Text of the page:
How do teenagers act? -Teenage Psychology Facts

How do teenagers act?

Teens do dramatic, irrational and stupid things because of teen brains. After infancy, the brain’s most dramatic growth spurt occurs in adolescence, and that growth means things get a little muddled in a teen mind. Teen brains are also wired to seek reward, act out, and otherwise exhibit immaturity that will change when they become adults.

Teenage Psychology Facts
Teenage Psychology Facts

What do teenagers worry about?

Teen’s mind can easily distract, or they are easy to be pleased. That’s why at this age they can be mentally easily cheated, and they have a fear of commitments more than any age.

Teenagers find it easy to trust people: And the downside of this is that they eventually get hurt and are not able to build trust as easily as before. But I think it’s a necessary evil to be let down once, and not make the same mistakes again.

There are some interesting facts that can help to understand teenager’s mental psychology

  1. Positive text messages from people you care about can have a positive influence on your body and improve your mood.
  2. Many teens who sleep less than 8-9 hours suffer from irritability, mood swings and even depression.
  3. The maximum number of close relationships/friendships you can maintain is between 50 and 150.
  4. When you’re studying/learning something new, teach a friend how to do it. Let them ask questions. If you’re able to teach something well, you understand it.
  5. Shyness is the curse of every teenager in wishing to have anything like a normal social life. That unfounded anxiety when talking to people, the debilitating reluctance to speak up.
  6. Among high school students, approximately 44% of girls and 14% boys are attempting to lose weight according to a survey.
  7. This period also increases social anxiety in teens.
  8. Teenagers are not as good at reading emotions as adults or even children.
  9. Men are not funnier than women—they just make jokes without caring whether people like it or not.
  10. Over 70 percent of Teenagers aged 15 to 17 avoid normal daily activities, such as attending school, when they feel bad about their looks.
  11. Travelling boosts the brain’s activity and decreases depression.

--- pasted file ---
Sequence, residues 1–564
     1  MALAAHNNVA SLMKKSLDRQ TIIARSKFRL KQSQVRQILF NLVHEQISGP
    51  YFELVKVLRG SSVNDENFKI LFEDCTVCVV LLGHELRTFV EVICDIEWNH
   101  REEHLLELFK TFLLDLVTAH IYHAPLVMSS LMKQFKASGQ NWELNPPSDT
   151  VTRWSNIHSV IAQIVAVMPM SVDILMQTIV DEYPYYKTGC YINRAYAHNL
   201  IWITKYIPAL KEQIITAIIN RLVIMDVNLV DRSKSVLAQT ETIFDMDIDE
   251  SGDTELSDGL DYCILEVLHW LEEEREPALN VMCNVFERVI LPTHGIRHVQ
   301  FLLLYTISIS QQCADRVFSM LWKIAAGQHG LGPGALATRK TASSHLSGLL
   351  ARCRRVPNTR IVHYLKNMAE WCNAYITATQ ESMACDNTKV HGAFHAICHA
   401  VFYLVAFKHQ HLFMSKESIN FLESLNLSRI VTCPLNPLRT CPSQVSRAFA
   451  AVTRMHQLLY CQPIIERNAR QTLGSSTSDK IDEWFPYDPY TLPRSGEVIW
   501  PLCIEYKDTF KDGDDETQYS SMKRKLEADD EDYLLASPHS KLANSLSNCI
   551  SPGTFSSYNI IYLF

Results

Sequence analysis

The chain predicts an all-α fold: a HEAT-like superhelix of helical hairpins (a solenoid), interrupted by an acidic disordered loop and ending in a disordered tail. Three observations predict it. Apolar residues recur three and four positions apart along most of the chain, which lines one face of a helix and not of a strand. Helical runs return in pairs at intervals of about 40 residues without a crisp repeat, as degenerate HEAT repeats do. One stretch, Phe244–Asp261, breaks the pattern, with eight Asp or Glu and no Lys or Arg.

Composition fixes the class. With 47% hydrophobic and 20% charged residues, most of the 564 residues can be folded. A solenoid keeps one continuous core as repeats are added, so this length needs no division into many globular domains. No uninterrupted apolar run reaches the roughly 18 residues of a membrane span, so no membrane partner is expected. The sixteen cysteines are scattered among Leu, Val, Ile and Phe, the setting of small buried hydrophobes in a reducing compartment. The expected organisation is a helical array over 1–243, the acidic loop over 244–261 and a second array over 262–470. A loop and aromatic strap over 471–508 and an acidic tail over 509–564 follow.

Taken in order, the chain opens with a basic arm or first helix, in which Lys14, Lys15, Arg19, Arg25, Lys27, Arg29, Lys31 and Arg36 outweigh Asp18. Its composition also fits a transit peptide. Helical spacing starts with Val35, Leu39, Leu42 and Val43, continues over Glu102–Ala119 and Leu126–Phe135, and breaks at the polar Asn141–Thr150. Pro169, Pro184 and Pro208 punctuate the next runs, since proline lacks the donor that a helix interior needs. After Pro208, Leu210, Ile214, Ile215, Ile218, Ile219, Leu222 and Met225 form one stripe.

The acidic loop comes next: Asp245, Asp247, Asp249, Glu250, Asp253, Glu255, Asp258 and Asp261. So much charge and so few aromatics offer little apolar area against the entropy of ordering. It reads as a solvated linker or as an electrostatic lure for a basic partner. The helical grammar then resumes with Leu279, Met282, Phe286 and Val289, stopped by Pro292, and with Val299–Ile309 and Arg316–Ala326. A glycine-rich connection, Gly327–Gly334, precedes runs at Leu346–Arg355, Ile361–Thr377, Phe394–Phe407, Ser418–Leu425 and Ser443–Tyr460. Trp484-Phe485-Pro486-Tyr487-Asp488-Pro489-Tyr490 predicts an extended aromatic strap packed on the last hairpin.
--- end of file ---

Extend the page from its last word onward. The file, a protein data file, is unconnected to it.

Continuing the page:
12. Dating an awkward person is less stressful. You laugh more and have more fun, which improves quality of life and overall health.
  13. Eating chocolate while studying helps the brain retain new information easily and is linked to higher test scores.
  14. 75% of Teenagers with low self-esteem reported engaging in negative activities like cutting, bullying, smoking, drinking, or disordered eating. This compares to 25% of girls with high self-esteem according to a survey.
  15. The top wish among all teen girls & boys is for their parents to communicate better with them. This includes frequent and more open conversations.
  16. Always give your kid a choice that makes them think they are in control. For instance, when I want him to put his shoes on, I will say, “Do you want to put on your Star Wars shoes or your shark shoes?”
  17. According to a report from Common Sense Media, teens spend an average of nine hours online every day. Today’s teens with smart phones spend a full workday’s worth of time—plus overtime! —online.
  18. A high GPA looks good on paper, but networking and building friendships is what gets you a job.
  19. Studies suggest that overly strict parenting can backfire, leading their kids to rebel.
  20. A girl’s favourite song will tell you more about her feelings than her lips ever will.
  21. If you ask someone to do you a small favour, cognitive dissonance will make them believe that because they did that favour, they must like you. (Ben Franklin)